Pactiv Corp., the maker of Hefty trash bags, is in talks to be bought by Apollo Global Management LLC, according to a person with knowledge of the discussions. The shares jumped the most in more than a year.
A transaction may be weeks away, said the person, who declined to be identified because discussions could collapse. As of last week, Pactiv, based in Lake Forest, Illinois, had a market value of about $3.2 billion.
Pactiv, which also makes cups, cutlery and plastic packaging under the Hefty brand, got more than a third of its $3.4 billion in sales from that division last year. Apollo, run by billionaire Leon Black, could merge Pactiv with its Berry Plastics Corp. to lower expenses for the material, Robert W. Baird & Co. analyst Ghansham Panjabi said in an interview.
“Plastic packaging needs a fair amount of consolidation,” the Roseland, New Jersey-based analyst said. “This would make perfect sense -- you could combine it with Berry and at some time decide what to do with it.”
Pactiv would sell for between $34 and $38 a share, Panjabi said. That would value the company at as much as $5.05 billion, based on the number of shares outstanding April 30. Panjabi has an outperform rating on the shares.
Pactiv rose $4.47, or 19 percent, to $28.44 at 4:01 p.m. in New York Stock Exchange composite trading. The gain was the largest since April 2009.
The packaging maker, led by Chief Executive Officer Richard Wambold, posted a 6 percent drop in revenue last year as consumers spent less during the economic slump. Pactiv also makes food-storage containers used by delis, restaurants and grocery stores for take-home meals.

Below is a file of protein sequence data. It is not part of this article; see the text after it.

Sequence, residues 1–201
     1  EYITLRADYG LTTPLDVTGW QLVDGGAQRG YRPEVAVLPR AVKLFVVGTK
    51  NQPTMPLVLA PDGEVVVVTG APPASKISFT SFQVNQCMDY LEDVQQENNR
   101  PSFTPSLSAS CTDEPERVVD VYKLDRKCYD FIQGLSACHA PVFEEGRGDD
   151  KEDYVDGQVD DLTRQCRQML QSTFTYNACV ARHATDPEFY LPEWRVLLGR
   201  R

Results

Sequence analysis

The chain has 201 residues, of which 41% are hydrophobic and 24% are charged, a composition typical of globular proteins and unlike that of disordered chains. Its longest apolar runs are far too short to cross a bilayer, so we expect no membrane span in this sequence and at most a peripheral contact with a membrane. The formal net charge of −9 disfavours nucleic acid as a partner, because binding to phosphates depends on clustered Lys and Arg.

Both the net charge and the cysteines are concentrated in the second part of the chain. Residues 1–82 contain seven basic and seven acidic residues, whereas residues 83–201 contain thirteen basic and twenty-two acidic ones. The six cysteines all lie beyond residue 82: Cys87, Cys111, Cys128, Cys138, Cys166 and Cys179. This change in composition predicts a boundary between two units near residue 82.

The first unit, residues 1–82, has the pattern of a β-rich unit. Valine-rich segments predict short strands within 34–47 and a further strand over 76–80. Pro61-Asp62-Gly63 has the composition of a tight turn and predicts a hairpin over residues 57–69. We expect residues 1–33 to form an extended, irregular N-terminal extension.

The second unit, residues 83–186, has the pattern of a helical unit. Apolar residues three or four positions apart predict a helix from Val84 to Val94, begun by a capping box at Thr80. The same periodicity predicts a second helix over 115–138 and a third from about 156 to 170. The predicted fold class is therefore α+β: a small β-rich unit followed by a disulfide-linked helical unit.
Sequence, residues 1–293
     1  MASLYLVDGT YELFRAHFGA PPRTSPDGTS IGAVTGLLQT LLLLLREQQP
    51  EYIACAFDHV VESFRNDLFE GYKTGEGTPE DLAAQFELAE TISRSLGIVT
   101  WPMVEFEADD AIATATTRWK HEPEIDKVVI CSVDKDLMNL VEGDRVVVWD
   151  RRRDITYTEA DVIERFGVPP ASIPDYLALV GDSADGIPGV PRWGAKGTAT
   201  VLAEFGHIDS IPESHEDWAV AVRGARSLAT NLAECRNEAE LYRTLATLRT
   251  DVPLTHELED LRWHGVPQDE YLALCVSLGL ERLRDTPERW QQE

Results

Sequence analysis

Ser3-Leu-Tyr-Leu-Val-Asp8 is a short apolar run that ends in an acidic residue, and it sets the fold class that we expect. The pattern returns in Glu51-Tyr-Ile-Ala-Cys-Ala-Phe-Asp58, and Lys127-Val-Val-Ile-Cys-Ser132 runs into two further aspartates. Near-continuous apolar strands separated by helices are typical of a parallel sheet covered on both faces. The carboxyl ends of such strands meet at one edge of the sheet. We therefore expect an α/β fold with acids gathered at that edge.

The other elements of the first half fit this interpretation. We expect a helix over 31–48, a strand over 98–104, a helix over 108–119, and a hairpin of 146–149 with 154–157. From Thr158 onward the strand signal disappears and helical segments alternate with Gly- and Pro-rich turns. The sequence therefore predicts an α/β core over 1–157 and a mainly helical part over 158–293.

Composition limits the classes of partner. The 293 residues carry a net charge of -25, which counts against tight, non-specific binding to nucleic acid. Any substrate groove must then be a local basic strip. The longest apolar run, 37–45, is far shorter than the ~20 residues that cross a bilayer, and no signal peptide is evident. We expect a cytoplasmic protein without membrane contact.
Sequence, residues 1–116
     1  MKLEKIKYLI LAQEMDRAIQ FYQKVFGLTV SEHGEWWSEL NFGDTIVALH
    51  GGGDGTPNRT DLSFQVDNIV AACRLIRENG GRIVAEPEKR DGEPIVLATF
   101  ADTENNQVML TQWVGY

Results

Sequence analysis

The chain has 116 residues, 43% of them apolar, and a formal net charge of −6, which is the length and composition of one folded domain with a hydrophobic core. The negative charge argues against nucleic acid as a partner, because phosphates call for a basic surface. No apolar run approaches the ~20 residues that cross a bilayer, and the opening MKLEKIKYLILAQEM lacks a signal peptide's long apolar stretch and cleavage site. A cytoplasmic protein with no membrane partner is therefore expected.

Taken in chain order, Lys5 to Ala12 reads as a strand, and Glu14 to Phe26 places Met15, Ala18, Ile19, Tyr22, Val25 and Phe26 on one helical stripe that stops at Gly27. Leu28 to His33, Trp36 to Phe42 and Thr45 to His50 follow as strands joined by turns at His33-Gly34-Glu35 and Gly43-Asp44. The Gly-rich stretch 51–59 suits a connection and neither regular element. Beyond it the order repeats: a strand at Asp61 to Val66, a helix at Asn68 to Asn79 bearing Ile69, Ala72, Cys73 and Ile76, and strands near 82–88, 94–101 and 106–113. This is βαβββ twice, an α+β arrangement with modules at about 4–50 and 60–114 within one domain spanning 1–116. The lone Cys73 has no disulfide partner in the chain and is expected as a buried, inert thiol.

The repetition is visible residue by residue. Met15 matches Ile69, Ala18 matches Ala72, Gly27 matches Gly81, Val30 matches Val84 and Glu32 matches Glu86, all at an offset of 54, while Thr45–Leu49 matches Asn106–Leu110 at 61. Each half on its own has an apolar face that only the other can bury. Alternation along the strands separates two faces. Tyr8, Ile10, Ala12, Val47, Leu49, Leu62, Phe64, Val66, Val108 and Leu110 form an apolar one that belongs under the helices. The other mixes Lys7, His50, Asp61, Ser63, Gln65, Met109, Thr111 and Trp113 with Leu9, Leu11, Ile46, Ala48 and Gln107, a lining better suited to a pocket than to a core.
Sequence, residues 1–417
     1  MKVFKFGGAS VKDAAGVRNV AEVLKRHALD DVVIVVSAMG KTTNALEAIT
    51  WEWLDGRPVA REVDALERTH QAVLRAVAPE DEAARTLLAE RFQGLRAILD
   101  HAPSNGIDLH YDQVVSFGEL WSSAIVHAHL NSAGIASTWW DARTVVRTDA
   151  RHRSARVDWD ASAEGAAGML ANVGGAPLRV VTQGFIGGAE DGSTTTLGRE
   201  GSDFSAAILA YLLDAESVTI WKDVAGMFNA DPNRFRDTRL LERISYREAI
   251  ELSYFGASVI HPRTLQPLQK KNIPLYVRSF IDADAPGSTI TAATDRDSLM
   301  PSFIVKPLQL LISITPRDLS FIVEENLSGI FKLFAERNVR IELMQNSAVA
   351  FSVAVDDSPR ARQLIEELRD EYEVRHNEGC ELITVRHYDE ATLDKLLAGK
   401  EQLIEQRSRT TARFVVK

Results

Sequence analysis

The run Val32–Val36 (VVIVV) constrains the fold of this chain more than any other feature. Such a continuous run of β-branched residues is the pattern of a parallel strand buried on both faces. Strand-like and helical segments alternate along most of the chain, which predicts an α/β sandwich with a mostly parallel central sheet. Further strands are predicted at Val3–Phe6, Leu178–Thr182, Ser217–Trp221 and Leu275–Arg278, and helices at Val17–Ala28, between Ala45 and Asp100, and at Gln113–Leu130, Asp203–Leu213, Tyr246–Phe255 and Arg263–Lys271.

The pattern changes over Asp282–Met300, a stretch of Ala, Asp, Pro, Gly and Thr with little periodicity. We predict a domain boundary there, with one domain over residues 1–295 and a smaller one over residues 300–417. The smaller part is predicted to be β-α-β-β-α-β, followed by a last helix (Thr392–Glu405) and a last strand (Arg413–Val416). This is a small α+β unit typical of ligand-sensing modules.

Pactiv started as Packaging Corporation of America a unit of Tenneco Inc. Tenneco spun the division off in 1999. The company uses plastic in products that make up 80 percent of its sales. The company had about $1.4 billion in long-term debt as of last quarter.
Apollo bought Berry Plastics in 2006. Charles Zehren, a spokesman for New York-based Apollo, declined to comment. The Wall Street Journal reported the talks earlier today.
Private equity firms are taking advantage of a rebound in leveraged lending to put their capital to work after a two-year drought in deals. LBO funds worldwide have about $500 billion of unspent committed capital, according to researcher Preqin Ltd.
Excluding infrastructure investments, the biggest private equity purchase since July 2007 was that of IMS Health Inc. The company agreed last year to sell itself to a group including TPG Capital for about $5 billion, including debt. By comparison, in the first half of 2007, there were seven buyouts worth more than $15 billion, led by KKR & Co.’s takeover of TXU Corp. for $43 billion, including debt.